Lorna O'Hara, executive director of the Balloon Council, doesn't dispute that marine creatures might mistake balloons for jellyfish and eat them. But she says that doesn't mean balloons are necessarily causing their deaths.
Clean Virginia Waterways still thinks balloons can be harmful. Included in its report last year: A photo of a soaring bird with a deflated balloon trailing behind it.
The report addresses the "rising concern" of balloons, which also often use helium, a non-renewable resource. It notes the difficulty of changing a social norm and that even typing "congrats" in a Facebook post results in an animation of balloons. It even claims the media play a role and that some groups conduct balloon releases "just so reporters will cover the event."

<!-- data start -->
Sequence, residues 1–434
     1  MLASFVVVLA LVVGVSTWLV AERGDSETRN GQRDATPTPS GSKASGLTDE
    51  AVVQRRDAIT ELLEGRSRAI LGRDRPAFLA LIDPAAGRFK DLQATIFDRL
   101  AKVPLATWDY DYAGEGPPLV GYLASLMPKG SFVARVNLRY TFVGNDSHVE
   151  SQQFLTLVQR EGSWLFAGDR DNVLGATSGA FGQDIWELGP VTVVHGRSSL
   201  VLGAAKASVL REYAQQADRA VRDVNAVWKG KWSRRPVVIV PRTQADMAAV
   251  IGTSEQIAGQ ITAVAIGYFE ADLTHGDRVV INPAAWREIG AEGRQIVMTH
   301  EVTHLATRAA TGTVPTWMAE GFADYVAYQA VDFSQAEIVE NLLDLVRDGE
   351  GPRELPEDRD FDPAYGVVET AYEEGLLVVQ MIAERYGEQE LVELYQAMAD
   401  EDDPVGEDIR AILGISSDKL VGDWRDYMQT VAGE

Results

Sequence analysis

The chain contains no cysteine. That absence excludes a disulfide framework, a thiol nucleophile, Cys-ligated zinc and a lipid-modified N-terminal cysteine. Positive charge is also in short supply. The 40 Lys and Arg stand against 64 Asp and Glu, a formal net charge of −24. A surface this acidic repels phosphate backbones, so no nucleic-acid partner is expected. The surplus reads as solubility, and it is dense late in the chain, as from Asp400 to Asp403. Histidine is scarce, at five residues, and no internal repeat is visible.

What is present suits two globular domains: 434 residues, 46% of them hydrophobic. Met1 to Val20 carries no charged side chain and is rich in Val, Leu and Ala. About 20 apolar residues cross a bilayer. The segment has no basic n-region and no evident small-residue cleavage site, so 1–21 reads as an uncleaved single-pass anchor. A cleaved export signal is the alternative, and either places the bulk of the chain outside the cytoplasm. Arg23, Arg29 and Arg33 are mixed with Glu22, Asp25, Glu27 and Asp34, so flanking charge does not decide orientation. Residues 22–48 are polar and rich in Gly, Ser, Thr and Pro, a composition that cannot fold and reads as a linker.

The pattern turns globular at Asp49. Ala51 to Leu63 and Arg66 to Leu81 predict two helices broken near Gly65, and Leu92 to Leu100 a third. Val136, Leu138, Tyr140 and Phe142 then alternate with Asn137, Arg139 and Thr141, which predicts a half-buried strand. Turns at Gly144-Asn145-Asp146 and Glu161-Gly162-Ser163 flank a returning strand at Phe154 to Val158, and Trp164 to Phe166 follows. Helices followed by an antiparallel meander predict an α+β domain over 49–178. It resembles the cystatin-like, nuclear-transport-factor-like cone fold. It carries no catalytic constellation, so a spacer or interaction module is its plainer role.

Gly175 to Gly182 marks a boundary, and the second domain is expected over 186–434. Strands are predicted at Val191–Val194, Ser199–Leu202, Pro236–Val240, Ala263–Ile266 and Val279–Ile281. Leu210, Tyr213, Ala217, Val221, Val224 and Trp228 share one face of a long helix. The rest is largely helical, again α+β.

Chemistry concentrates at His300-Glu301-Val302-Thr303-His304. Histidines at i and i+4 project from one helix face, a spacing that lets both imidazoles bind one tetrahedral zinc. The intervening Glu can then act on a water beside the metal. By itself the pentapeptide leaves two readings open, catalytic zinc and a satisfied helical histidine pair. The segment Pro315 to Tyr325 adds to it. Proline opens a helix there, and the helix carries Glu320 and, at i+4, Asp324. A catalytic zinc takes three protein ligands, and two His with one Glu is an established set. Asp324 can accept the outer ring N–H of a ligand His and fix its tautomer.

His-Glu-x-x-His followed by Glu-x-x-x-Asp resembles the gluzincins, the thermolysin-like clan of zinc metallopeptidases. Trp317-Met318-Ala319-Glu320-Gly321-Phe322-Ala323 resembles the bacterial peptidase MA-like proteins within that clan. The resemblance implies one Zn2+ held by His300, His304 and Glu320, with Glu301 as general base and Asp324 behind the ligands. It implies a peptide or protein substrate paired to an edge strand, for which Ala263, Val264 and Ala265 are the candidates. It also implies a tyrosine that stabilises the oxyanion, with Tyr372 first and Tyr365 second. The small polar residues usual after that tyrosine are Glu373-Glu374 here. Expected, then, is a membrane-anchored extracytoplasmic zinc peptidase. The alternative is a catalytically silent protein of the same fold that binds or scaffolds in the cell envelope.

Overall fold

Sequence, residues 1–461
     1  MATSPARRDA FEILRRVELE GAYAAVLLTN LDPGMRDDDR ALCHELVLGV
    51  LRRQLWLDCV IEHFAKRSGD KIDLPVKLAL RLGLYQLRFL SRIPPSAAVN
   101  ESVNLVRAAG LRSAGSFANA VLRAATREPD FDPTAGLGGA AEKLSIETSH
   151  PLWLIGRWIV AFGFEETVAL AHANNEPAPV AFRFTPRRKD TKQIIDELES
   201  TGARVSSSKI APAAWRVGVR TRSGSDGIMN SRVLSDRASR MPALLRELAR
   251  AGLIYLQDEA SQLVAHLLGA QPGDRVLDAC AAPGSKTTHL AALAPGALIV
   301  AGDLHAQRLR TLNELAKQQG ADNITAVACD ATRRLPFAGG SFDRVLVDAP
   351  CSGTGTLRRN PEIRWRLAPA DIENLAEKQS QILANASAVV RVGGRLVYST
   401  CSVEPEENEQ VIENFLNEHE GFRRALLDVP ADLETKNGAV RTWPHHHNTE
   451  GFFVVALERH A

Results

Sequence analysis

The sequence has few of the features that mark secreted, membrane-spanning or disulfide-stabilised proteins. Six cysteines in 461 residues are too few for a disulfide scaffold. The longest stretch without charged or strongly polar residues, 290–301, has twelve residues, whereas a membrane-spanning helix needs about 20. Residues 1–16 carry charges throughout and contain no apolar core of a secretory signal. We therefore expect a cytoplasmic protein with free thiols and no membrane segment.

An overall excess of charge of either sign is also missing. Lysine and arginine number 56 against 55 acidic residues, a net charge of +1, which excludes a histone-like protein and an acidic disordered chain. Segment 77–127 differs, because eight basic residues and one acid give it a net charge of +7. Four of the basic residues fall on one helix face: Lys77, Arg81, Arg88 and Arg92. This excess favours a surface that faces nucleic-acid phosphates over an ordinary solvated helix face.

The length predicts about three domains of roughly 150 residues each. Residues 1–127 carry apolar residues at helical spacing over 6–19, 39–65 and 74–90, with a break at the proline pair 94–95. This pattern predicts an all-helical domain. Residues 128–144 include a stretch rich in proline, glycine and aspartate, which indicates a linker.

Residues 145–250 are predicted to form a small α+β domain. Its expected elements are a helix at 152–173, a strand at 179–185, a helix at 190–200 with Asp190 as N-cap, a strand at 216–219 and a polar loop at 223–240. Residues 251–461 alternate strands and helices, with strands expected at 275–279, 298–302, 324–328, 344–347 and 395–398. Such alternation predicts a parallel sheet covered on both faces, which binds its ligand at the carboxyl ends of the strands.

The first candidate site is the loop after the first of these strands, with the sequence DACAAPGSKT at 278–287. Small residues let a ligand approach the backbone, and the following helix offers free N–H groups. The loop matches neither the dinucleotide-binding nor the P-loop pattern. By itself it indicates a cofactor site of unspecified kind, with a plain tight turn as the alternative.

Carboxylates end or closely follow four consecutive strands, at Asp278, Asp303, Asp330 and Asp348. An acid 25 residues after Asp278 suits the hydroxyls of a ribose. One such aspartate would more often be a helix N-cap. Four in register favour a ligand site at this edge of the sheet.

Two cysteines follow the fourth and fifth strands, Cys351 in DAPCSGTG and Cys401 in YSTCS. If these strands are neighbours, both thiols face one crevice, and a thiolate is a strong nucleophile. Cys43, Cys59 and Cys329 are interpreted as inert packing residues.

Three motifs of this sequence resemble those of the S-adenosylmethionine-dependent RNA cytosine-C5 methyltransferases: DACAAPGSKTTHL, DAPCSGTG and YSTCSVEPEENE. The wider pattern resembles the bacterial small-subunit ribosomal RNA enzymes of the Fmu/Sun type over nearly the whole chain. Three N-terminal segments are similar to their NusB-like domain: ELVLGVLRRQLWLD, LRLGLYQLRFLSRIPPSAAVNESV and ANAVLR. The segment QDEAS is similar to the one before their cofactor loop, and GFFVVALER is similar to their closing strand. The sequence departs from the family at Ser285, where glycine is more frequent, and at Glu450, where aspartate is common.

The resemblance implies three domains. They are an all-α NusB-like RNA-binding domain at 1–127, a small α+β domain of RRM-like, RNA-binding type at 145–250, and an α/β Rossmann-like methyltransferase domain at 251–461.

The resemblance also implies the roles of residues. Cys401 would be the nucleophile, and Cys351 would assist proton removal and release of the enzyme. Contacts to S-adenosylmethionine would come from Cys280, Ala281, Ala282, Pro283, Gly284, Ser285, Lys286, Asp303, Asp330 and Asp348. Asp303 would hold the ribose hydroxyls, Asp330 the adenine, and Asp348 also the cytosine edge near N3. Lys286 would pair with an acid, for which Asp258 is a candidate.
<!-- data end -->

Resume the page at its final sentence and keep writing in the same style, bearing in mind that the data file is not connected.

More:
"We don't want to say don't use them at all. We're saying just don't release them," says Laura McKay of the Virginia Coastal Zone Management Program.
Some states such as California ban balloon releases for other reasons. Pacific Gas & Electric, which serves northern and central California, says metallic balloons caused 203 power outages in the first five months of this year, up 22 percent from a year ago.
Lacoste thinks other towns, particularly those along the coasts, will also ban balloons as people become more aware of environmental issues. He notes that plastic bags were once seen as harmless, but many places now ban them.
A strong earthquake with a preliminary magnitude of 6.6 hit the of the Aleutian Islands Wednesday afternoon, according to the Alaska Earthquake Center.
No tsunami is expected, according to the Pacific Tsunami Warning Center.
The earthquake struck at 1:56 p.m., about 75 miles southwest of the community of Adak, the center said, at a depth of about 7 miles.
Beth Carroll, Adak city clerk, said she had just returned to her office after her lunch break when the earthquake struck.
"It was pretty intense for about 15 seconds," Carroll said. "It started out slow, and then it got heavier and heavier, and then it finally died down."